From the day that I got my first period to the time when I was harassed, I was told that it is my fate because I was born a woman. If you are a woman, you have to bear harassment, pain and oppression at every level of your life because equality is a distant dream. If you are a woman, you have to think twice before choosing what to wear, what to say and how to react. If you are a woman, you have to train yourself to forget about your happiness and prioritise the welfare of the family and society. I was told that being a woman is not easy and that God makes her strong-hearted so that she can bear all the struggles she will have to face in her life.
These ideas not only made me feel like an invalid but also developed a fear of how I will be able to cope. And unconsciously, the fear distanced me from identifying as a woman, the gender that became synonymous to difficulties, injustice and suffocating silence in my mind and made me think “I wish I were a man.”
But today, as a proud woman, I wonder if I was rejecting my womanhood or the stereotypes attached to it? Is womanhood synonymous to silence or to being silenced forcefully? Why have we internalised that being a woman is tough rather than questioning the oppressive system that makes a woman’s life hard by discriminating against them? Rather than blaming ourselves for being born as women, why don’t we embrace and fight for equal love, respect and happiness?
The belief of blaming womanhood goes back to ancient times. According to the Bible, God cursed Eve for eating the forbidden fruit to live a life of sorrow, travails and pain of childbirth and be ruled by man and long for his love. Even the Hindu mythology is full of stories of how women brought the curse upon themselves. Whether it is about menstruation, not being able to keep secrets or anything else. I still can’t understand whether the society is based on these myths or the myths have erupted from an unequal society. But what this tells us is that women’s lives have been perceived as a curse since a long time and till today.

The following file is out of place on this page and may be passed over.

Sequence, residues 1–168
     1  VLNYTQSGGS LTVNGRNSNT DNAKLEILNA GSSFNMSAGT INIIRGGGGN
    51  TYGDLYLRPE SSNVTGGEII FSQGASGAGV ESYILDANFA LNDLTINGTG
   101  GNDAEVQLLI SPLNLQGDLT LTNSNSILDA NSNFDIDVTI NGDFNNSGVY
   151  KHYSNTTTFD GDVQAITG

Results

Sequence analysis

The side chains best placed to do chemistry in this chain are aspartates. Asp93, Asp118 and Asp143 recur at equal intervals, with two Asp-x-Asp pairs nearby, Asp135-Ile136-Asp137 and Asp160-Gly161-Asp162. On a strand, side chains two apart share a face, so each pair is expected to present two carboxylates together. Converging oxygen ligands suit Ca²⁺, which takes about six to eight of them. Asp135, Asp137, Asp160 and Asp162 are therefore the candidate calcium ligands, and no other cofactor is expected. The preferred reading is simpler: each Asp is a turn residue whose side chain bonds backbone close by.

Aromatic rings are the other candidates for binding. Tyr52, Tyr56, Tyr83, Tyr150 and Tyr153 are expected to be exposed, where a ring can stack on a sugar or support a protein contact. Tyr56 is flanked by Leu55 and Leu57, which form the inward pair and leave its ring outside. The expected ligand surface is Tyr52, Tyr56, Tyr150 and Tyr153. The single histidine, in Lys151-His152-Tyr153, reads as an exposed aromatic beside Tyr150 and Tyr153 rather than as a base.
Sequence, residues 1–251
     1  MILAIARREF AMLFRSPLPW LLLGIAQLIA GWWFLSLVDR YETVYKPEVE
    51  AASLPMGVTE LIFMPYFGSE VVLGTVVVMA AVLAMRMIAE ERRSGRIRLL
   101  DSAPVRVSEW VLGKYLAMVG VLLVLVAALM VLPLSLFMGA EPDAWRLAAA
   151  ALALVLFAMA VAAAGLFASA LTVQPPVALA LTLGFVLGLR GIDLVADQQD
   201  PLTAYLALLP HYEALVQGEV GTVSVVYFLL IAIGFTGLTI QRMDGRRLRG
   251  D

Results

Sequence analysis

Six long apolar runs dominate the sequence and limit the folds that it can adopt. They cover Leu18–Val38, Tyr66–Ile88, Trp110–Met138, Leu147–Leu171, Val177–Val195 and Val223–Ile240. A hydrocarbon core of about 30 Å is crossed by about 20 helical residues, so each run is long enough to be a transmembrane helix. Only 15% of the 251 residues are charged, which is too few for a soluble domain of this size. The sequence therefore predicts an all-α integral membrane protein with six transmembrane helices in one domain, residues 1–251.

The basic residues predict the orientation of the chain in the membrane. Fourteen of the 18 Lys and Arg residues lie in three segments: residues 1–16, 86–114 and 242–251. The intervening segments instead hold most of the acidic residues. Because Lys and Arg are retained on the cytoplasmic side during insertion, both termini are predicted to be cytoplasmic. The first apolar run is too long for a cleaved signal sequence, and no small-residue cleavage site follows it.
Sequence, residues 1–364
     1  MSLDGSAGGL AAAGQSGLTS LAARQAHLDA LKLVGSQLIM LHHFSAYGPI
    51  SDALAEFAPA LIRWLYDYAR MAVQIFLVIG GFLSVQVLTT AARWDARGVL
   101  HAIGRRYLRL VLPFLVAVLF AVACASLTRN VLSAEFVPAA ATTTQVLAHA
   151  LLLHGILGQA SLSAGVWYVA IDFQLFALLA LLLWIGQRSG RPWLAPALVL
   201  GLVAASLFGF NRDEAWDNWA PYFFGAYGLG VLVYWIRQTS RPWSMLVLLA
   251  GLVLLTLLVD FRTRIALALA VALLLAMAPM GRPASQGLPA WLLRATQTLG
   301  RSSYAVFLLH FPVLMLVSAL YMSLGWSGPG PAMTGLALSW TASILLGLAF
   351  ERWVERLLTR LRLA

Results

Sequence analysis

But is it right to ignore all the injustice and discrimination meted out to women by saying that women have been cursed since the beginning? By hating ourselves and living in self-denial, aren’t we propagating the same misogynistic and patriarchal stereotypes that we want to fight out?
Let us understand that by denying our womanhood we are pushing our aim to achieve equality farther away. By denying our period pain, body curves and experiences (of marriage, motherhood, breastfeeding, etc) as a woman and trying to behave and dress up like a man to brave through all the struggles only re-emphasise the idea that a woman cannot possibly achieve feats by being herself. Is it even empowerment in the true sense if we have to trade our own identity for that? Don’t consider womanhood as a barrier because there is really nothing that woman cannot do or can be forced to do. Our body, opinions, experiences and choices gives us our unique individualities as women and each individual deserves to live their life on their terms. Rather than denying our womanhood, let us choose how we want to define it.
Picture Credit: Wikicommons
The views expressed are the author’s own.